Disputation: Elise Østmo
Doctoral candidate Elise Østmo at the Department of informatics, Faculty of Mathematics and Natural Sciences, is defending the thesis Coordinating Patient Information in HIV/AIDS Care with Hybrid Health Information Systems for the degree of Philosophiae Doctor.
The University of Oslo is closed. The PhD defence and trial lecture will therefore be fully digital and streamed directly using Zoom. The host of the session will moderate the technicalities while the chair of the defence will moderate the disputation.
Ex auditorio questions: the chair of the defence will invite the audience to ask ex auditorio questions either written or oral. This can be requested by clicking 'Participants -> Raise hand'.
"Compare and contrast relevant theories and concepts for understanding the design and use of health IS in developing countries"
Main research findings
Continuity of health care has in recent years received increased attention. To achieve ‘seamless’ care over time and across service providers, and to reducing redundancy related to duplicated information in parallel systems, electronic patient records have been recommended.
Low-income countries need systems to monitor diseases such as HIV/AIDS, as well as being able to follow a patient on individual level. The global vision is to introduce electronic systems to meet these needs. Human, physical and financial resources form however special challenges in these countries, where often the most essential resources are lacking, showing a gap between vision and reality.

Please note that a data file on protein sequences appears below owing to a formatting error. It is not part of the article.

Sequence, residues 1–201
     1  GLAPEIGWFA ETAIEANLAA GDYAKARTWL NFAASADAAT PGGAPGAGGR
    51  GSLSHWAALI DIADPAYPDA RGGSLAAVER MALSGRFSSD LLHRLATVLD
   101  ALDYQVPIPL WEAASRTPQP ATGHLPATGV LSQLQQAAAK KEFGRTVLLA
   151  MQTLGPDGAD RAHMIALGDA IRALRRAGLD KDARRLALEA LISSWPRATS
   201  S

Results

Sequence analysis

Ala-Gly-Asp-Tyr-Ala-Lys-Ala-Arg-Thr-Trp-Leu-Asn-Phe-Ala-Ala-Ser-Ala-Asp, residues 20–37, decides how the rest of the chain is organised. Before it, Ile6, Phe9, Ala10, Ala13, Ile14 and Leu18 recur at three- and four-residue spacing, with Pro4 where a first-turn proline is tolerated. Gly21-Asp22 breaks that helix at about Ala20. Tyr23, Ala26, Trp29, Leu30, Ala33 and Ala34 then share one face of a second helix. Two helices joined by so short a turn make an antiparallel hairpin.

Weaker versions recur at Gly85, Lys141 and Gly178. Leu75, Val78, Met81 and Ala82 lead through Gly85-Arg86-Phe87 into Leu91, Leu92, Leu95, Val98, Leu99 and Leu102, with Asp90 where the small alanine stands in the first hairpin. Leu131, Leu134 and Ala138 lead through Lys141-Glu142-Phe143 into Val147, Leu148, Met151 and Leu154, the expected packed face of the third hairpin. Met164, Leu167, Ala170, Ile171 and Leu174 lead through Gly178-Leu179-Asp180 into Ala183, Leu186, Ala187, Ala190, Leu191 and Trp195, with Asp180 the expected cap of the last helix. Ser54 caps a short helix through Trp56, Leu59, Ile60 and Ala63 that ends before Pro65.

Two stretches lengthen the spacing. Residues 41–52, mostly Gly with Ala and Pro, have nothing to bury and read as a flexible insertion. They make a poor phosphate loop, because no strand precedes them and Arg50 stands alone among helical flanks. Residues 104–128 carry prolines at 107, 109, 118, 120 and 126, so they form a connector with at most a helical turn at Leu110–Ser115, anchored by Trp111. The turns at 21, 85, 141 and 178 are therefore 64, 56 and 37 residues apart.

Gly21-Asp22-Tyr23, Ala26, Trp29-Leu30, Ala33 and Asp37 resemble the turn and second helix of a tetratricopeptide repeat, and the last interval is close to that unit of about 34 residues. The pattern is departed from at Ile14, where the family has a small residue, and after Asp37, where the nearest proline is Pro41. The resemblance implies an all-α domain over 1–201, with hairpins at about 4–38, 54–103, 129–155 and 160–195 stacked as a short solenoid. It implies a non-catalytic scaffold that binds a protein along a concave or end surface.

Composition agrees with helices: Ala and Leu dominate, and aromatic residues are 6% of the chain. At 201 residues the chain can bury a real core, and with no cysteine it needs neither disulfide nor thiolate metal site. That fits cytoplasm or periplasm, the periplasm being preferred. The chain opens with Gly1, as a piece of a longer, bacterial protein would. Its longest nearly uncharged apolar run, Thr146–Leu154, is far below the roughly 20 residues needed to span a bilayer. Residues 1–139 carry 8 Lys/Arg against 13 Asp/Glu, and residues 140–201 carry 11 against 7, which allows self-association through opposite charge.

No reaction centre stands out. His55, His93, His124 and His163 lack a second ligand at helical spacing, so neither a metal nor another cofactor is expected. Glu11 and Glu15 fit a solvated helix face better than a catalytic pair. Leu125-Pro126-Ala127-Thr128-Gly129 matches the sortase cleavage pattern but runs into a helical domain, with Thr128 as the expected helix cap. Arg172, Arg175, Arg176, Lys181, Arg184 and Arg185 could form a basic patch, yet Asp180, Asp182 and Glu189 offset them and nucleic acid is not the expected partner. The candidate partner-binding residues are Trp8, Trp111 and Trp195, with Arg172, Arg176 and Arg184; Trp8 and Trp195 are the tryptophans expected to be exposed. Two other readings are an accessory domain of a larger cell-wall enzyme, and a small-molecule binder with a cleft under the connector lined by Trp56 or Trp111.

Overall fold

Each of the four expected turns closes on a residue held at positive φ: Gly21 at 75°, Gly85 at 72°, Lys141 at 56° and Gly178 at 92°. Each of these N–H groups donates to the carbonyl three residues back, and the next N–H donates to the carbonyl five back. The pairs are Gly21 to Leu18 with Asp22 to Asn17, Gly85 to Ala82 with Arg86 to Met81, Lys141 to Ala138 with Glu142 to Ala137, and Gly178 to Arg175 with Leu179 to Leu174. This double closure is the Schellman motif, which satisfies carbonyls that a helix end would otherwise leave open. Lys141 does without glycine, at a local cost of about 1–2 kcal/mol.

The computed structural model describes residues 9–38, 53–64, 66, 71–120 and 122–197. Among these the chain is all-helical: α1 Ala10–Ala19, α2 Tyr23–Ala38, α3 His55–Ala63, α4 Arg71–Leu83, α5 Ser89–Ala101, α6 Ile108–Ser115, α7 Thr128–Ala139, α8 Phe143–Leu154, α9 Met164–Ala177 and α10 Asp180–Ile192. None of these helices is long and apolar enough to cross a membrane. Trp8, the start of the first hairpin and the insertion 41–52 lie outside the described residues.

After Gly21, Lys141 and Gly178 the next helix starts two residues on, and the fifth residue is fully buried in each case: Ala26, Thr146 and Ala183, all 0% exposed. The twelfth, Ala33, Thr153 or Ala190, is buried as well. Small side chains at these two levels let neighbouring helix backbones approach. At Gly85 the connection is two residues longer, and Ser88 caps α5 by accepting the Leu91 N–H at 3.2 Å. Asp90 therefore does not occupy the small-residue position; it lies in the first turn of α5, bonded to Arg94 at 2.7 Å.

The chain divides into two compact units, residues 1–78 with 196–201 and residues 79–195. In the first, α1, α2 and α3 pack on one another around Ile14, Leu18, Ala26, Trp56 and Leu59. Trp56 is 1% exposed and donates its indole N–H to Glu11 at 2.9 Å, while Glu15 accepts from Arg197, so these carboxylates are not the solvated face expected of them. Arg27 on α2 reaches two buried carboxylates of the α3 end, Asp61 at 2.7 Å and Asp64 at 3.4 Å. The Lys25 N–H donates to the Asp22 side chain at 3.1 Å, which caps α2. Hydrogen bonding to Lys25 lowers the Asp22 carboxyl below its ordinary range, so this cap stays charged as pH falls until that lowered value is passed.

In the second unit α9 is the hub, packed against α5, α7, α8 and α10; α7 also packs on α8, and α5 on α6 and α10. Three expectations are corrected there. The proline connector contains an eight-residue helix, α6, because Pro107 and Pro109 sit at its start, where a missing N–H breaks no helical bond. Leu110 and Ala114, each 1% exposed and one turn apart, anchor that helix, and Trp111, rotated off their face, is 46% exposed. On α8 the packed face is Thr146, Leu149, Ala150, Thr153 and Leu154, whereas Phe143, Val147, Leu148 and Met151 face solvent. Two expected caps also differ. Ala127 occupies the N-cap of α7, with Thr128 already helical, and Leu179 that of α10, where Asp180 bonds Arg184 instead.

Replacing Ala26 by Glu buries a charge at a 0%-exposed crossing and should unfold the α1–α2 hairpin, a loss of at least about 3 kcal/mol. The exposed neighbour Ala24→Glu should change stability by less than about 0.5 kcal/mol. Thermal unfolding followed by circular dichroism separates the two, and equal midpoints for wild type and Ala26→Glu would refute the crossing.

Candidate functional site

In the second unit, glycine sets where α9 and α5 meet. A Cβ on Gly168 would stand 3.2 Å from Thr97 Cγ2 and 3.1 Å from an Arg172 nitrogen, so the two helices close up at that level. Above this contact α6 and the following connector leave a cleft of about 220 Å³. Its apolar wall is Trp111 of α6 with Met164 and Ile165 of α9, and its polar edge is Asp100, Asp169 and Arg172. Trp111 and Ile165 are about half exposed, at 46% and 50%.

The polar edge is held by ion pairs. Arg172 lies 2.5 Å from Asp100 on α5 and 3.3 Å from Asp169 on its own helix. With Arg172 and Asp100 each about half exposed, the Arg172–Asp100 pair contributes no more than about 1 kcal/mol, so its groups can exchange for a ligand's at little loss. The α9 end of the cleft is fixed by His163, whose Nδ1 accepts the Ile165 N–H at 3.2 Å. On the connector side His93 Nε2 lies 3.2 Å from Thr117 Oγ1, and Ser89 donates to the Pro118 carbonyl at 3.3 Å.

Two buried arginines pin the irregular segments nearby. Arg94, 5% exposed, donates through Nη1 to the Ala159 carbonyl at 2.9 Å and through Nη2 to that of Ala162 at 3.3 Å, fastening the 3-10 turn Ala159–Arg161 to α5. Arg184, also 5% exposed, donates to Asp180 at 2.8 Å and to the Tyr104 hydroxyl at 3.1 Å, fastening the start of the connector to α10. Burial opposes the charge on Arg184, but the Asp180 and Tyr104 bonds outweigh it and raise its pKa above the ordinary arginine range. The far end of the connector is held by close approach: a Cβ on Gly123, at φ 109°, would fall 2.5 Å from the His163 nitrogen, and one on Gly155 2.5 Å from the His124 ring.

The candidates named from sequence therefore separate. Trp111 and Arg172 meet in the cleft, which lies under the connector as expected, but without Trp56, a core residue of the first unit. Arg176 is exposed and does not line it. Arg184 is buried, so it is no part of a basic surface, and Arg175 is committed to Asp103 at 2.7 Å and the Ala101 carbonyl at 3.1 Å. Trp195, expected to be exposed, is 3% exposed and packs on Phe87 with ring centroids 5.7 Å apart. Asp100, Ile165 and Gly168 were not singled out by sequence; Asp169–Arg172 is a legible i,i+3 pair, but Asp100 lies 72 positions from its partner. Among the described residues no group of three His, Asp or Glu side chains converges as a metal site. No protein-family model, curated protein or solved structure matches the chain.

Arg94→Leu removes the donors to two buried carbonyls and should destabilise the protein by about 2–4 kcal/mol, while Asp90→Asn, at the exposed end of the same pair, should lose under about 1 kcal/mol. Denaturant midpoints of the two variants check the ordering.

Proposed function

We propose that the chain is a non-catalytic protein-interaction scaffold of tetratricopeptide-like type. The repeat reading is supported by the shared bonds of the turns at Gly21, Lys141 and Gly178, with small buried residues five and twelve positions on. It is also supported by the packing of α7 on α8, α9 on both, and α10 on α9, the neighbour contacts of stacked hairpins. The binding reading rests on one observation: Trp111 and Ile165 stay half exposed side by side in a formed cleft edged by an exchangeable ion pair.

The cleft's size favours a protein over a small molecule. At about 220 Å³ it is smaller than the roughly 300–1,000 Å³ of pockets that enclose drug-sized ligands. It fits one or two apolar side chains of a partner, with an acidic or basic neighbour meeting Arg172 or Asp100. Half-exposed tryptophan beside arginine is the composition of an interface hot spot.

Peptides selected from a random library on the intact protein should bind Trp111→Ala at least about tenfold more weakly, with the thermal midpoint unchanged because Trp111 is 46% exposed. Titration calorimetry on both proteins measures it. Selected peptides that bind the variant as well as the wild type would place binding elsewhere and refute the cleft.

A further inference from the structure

This thesis questions the vision of integrated electronic system as a means to provide robust systems and complete patient records. An ethnographic case study within Primary Health Care in South Africa, gives a rich description of health work practices within HIV/AIDS care and treatment. In the process of creating a patient record, collection and coordination of patient data are performed using paper and electronic artefacts in combination, adapted to the resources available. Based on these findings, it is argued that a certain degree of redundancy contributes to more robust systems. A re-vision of the policies and goals for integrated electronic records is suggested, and principles for designing hybrid health information systems are presented.
Contact information to Department: Mozhdeh Sheibani Harat